Navigation Links
Slippery when stacked: NIST theorists quantify the friction of graphene
Date:1/11/2012

Similar to the way pavement, softened by a hot sun, will slow down a car, graphenea one-atom-thick sheet of carbon with wondrous propertiesslows down an object sliding across its surface. But stack the sheets and graphene gets more slippery, say theorists at the National Institute of Standards and Technology (NIST), who developed new software to quantify the material's friction.

"I don't think anyone expects graphene to behave like a surface of a three-dimensional material, but our simulation for the first time explains the differences at an atomic scale," says NIST postdoctoral researcher Alex Smolyanitsky, who wrote the modeling program and co-authored a new paper* about the study. "If people want to use graphene as a solid-state lubricant or even as a part of flexible electrodes, this is important work."

With the capacity to be folded, rolled or stacked, graphene is super-strong and has unusual electronic and optical properties. The material might be used in applications ranging from electronic circuits to solar cells to "greasing" moving parts in nanoscale devices.

Friction is the force that resists the sliding of two surfaces against each other. Studying friction at the atomic scale is a challenge, surmountable in only the past few years. The NIST software simulates atomic force microscopy (AFM) using a molecular dynamics technique. The program was used to measure what happens when a simulated AFM tip moves across a stack of one to four graphene sheets (see image) at different scanning rates.

The researchers found that graphene deflects under and around the AFM tip. The localized, temporary warping creates rolling friction or resistance, the force that exerts drag on a circular object rolling along a surface. Smolyanitsky compares the effect to the sun melting and softening pavement in the state where he got his doctoral degree, Arizona, causing car tires to sink in slightly and slow down. The NIST results are consistent with those of recent graphene experiments by other research groups but provide new quantitative data.

Most significantly, the NIST study shows why friction falls with each sheet of graphene added to the stack (fast scanning also has an effect on the friction). With fewer layers, the top layer deflects more, and the friction per unit of AFM contact force rises. The top surface of the stack becomes less yielding and more slippery as graphene layers are added. By contrast, the friction of three-dimensional graphite-like material is virtually unaffected by deformation and rolling friction, and is due instead to heat created by the moving tip.


'/>"/>

Contact: Laura Ost
laura.ost@nist.gov
303-497-4880
National Institute of Standards and Technology (NIST)
Source:Eurekalert  

Related biology technology :

1. Slippery slope:Researchers take advice from a carnivorous plant
2. Diagenode Releases Two New Epigenetic Monoclonal 5-hmC Antibodies for Quantifying Global Hydroxymethylation
3. Bruker Introduces HyperQuant™, a Unique Bench-Top NMR Reader to Quantify Hyperpolarization
4. Penn and Brown researchers demonstrate earthquake friction effect at the nanoscale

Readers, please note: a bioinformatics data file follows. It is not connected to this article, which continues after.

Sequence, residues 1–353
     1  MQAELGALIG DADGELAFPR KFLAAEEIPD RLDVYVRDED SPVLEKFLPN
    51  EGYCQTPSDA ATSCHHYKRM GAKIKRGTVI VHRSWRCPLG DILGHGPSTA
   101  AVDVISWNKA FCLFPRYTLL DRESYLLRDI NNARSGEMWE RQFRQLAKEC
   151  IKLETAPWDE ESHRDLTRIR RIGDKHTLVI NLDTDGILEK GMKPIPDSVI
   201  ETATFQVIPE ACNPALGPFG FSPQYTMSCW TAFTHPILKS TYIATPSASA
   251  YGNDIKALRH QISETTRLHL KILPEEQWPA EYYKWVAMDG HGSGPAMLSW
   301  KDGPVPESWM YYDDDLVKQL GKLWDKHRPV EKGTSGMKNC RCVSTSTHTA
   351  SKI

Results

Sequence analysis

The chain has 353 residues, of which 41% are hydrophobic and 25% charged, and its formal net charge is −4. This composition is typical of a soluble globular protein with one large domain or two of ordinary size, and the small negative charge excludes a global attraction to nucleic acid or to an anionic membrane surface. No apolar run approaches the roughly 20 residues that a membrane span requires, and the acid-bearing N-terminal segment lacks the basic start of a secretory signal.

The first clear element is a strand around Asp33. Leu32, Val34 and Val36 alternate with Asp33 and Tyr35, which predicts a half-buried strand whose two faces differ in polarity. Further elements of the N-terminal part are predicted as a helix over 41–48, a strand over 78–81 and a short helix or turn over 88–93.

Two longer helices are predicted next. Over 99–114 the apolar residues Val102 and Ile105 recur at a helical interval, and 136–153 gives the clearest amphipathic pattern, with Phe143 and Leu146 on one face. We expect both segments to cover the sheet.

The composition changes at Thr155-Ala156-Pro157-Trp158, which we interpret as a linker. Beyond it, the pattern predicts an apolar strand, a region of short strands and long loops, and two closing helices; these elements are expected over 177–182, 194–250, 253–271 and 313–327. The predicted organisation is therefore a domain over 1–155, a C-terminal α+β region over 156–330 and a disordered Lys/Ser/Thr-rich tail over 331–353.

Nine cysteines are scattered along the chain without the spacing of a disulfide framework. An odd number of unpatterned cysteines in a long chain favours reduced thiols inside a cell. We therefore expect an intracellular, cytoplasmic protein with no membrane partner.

5. Nanotechnologists reveal the frictional characteristics of atomically thin sheets
6. Nanotechnologists from Penn collaborate to form near-frictionless diamond material
7. Metamaterials could reduce friction in nanomachines
8. Friction force differences could offer a new means for sorting and assembling nanotubes
9. Models present new view of nanoscale friction
10. Graphene reveals its magnetic personality
11. Graphene rips follow rules
Post Your Comments:
*Name:
*Comment:
*Email:
Related Image:
Slippery when stacked: NIST theorists quantify the friction of graphene
(Date:6/23/2016)... 23, 2016  The Biodesign Challenge (BDC), a university ... to harness living systems and biotechnology, announced its winning ... New York City . ... showcased projects at MoMA,s Celeste Bartos Theater during the ... MoMA,s senior curator of architecture and design, and ...
(Date:6/23/2016)... ... June 23, 2016 , ... Supplyframe, the Industry Network for ... Design Lab . Located in Pasadena, Calif., the Design Lab’s mission is to ... are designed, built and brought to market. , The Design Lab is Supplyframe’s ...
(Date:6/23/2016)... ... June 23, 2016 , ... In a new case report published today ... a patient who developed lymphedema after being treated for breast cancer benefitted from an ... paradigm for dealing with this debilitating, frequent side effect of cancer treatment. ...
(Date:6/23/2016)... June 23, 2016  Blueprint Bio, a company dedicated ... the medical community, has closed its Series A funding ... . "We have received a commitment from ... we need to meet our current goals," stated ... the runway to complete validation on the current projects ...
Breaking Biology Technology:
(Date:4/15/2016)... , April 15, 2016  A new ... make more accurate underwriting decisions in a fraction ... timely, competitively priced and high-value life insurance policies ... screenings. With Force Diagnostics, rapid testing ... lifestyle data readings (blood pressure, weight, pulse, BMI, ...
(Date:4/13/2016)... CHICAGO , April 13, 2016  IMPOWER physicians ... are setting a new clinical standard in telehealth ... By leveraging the higi platform, IMPOWER patients can ... weight, pulse and body mass index, and, when they ... quick and convenient visit to a local retail location ...
(Date:3/29/2016)... 2016 LegacyXChange, Inc. (OTC: ... SelectaDNA/CSI Protect are pleased to announce our successful effort ... variety of writing instruments, ensuring athletes signatures against counterfeiting ... from athletes on LegacyXChange will be assured of ongoing ... Bill Bollander , CEO states, "By ...
Breaking Biology News(10 mins):